Appellate terms[edit]

The Appellate Division of the Supreme Court in each judicial department is authorized to establish "appellate terms".[17] An appellate term is an intermediate appellate court that hears appeals from the inferior courts within their designated counties or judicial districts, and are intended to ease the workload on the Appellate Division and provide a less expensive forum closer to the people.[17] Appellate terms are located in the First and Second Judicial Departments only.[17] Appellate terms consist of between three and five justices of the Supreme Court, appointed by the Chief Administrative Judge with the approval of presiding justice of the appropriate appellate division, with two justices constituting a quorum and being necessary for a decision.[17]


Each case is decided by a panel of five, or in some instances four, justices of the Court. There is no procedure for the Court to sit en banc.

Some basic rules governing appeals are contained in Articles 55 and 57 of the New York Civil Practice Law and Rules. Each Department of the Appellate Division also has its own individual set of rules governing more specific details of practice before that court. Unlike other states that have statewide rules of appellate procedure, there is no set of appellate rules shared by all four departments beyond those contained in the CPLR.

Appeals from the Appellate Division[edit]

Decisions by the Appellate Division may be appealed to the state's highest court, the New York Court of Appeals. In some cases, an appeal lies of right, but in most cases, permission (or "leave") to appeal must be obtained, either from the Appellate Division itself or from the Court of Appeals. In civil cases, the Appellate Division panel or Court of Appeals votes on petitions for leave to appeal; in most criminal cases, however, the petition for leave to appeal is referred to a single Justice or Judge, whose decision whether to grant or deny leave is final.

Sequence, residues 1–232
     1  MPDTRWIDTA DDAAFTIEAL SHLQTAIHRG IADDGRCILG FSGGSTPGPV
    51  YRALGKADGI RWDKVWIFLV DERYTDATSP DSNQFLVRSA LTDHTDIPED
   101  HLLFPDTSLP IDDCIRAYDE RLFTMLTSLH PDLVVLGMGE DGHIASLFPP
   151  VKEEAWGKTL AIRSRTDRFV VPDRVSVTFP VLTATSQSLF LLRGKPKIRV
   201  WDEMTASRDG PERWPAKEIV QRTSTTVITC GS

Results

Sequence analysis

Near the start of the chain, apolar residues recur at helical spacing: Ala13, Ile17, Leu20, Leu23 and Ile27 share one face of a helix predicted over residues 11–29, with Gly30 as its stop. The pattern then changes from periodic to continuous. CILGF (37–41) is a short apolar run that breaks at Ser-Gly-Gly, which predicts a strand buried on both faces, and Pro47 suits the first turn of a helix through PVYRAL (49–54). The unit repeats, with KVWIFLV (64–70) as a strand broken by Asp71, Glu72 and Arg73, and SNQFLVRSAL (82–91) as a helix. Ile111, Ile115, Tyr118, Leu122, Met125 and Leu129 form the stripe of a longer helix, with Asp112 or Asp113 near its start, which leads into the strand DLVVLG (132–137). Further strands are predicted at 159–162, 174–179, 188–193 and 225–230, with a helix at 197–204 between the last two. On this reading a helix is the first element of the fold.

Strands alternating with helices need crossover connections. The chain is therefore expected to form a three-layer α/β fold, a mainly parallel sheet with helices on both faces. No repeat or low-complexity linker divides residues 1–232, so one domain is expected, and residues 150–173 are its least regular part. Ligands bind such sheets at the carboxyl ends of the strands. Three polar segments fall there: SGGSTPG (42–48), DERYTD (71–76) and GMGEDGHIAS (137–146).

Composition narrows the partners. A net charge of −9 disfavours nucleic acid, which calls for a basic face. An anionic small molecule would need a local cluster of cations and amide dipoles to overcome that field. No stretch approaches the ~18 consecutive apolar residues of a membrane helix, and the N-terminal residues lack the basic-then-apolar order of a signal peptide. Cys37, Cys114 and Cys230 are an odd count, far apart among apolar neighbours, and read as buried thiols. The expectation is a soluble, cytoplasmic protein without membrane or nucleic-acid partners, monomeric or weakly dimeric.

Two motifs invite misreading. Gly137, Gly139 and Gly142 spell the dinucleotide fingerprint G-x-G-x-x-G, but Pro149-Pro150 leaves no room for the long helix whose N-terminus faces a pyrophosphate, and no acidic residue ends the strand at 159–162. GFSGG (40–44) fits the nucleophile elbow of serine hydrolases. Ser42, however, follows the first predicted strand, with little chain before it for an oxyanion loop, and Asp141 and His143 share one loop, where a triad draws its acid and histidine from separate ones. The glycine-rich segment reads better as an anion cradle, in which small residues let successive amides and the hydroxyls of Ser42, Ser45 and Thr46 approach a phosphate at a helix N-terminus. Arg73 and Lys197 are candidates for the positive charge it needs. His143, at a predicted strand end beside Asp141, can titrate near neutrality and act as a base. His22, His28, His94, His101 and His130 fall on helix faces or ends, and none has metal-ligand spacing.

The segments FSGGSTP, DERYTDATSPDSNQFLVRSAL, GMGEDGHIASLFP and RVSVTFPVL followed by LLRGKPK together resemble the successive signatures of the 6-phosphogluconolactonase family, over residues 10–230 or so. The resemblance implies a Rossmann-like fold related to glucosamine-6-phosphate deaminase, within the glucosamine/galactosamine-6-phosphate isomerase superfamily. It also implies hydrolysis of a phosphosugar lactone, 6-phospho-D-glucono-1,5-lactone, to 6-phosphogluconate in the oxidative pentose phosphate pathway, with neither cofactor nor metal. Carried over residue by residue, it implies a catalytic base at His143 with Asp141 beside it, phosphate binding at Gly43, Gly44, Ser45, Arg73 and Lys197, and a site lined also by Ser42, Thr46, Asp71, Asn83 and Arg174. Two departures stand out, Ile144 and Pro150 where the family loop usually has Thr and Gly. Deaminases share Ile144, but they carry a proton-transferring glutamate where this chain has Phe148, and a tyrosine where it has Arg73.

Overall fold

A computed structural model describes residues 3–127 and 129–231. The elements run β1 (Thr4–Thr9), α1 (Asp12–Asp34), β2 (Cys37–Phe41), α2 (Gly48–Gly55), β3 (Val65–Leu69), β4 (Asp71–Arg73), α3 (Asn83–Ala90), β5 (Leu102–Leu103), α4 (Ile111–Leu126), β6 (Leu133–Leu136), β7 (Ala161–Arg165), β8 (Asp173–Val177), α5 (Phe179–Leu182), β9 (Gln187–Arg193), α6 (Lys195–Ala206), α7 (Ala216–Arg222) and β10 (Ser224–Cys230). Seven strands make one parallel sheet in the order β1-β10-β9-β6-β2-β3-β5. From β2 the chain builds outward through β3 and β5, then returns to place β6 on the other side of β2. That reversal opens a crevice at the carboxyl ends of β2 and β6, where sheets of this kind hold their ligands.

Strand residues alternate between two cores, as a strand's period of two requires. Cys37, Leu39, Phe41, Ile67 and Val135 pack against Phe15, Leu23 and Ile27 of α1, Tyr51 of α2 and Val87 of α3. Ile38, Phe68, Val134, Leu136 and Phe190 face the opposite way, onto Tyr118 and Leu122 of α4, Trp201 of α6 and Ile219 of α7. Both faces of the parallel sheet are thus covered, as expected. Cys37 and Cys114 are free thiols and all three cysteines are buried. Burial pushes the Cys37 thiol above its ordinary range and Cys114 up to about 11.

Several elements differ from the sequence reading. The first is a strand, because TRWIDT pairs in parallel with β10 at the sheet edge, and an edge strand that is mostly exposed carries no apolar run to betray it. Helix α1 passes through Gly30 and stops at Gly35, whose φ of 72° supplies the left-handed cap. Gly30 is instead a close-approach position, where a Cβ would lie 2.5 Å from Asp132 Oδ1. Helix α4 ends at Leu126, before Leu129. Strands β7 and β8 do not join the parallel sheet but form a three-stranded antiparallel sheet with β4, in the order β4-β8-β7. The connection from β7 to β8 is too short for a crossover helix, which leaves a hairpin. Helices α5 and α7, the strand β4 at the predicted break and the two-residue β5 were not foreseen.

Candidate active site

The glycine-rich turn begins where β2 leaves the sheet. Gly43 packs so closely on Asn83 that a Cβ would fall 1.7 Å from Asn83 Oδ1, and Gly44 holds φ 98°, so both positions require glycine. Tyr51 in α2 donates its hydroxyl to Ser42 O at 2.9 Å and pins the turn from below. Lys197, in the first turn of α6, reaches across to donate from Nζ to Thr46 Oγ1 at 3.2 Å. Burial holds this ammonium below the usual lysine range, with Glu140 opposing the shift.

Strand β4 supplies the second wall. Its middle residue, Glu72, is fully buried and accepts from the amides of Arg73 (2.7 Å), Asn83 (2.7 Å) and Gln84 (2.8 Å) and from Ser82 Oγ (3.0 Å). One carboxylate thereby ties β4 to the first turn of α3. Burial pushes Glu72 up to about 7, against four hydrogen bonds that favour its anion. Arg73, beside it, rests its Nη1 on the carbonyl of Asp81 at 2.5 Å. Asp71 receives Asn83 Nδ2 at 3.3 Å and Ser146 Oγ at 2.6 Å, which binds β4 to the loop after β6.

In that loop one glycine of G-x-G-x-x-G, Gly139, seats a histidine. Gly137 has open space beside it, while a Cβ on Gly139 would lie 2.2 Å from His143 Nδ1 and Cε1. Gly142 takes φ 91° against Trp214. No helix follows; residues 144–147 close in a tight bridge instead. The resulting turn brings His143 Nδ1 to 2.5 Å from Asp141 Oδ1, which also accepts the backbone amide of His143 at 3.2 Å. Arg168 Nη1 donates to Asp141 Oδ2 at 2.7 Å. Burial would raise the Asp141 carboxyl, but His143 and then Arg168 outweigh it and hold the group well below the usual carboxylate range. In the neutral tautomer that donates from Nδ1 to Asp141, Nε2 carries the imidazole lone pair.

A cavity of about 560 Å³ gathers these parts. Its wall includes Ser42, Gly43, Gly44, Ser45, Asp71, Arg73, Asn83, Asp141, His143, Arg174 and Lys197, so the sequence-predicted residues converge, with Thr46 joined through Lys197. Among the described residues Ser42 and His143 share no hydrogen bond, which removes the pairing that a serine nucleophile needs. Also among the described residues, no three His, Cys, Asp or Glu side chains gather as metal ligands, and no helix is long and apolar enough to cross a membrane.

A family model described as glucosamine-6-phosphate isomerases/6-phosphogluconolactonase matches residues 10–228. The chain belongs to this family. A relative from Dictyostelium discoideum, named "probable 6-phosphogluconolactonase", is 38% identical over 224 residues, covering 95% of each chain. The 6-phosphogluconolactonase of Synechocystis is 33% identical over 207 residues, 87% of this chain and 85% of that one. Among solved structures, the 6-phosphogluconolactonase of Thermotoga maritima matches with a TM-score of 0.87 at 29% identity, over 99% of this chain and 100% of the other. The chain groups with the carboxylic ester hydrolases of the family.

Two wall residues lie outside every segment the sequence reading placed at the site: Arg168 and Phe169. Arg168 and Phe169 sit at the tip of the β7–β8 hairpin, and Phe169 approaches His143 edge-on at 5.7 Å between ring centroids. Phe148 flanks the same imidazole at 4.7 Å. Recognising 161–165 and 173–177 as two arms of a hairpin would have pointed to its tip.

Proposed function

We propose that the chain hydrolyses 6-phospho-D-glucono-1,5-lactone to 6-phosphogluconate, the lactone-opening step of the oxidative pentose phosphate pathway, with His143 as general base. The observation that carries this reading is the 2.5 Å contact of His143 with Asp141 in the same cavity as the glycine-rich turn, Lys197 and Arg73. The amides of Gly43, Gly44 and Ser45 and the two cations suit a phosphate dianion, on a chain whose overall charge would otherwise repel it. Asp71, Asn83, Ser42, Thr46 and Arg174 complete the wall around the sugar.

Case management[edit]

To keep caseloads under control, most Appellate Division opinions are extremely concise. Often, an Appellate Division panel will dispose of an entire case in only two paragraphs, with the second paragraph stating: "We have considered plaintiff's (or defendant's) remaining contentions and find them unavailing." In contrast, courts in most other states traditionally devote a few more paragraphs to disposing of the other "remaining contentions."

Appointment of justices[edit]

Justices of the Appellate Division are chosen by the Governor from among those elected to the State Supreme Court. A justice does not have to have been elected from one of the judicial districts within a department to be appointed to the Appellate Division for that Department, although the Presiding Justice and a majority of the total number of justices are to reside within the department. They serve at least five years, or until the completion of their 14-year elected terms, or reaching the constitutional age limit of 70, beyond which the governor may choose to reappoint them for up to three two-year terms.

The State Constitution provides that the First and Second Department are each to comprise seven justices, and the Third and Fourth departments five justices. In addition to these "constitutional" justices, the presiding justice of each department may ask the Governor to designate "additional justices" where needed based on the court's workload. At present, for example, the First Department comprises 20 justices in total when there are no vacancies. The qualifications for additional Justices are the same as for other justices.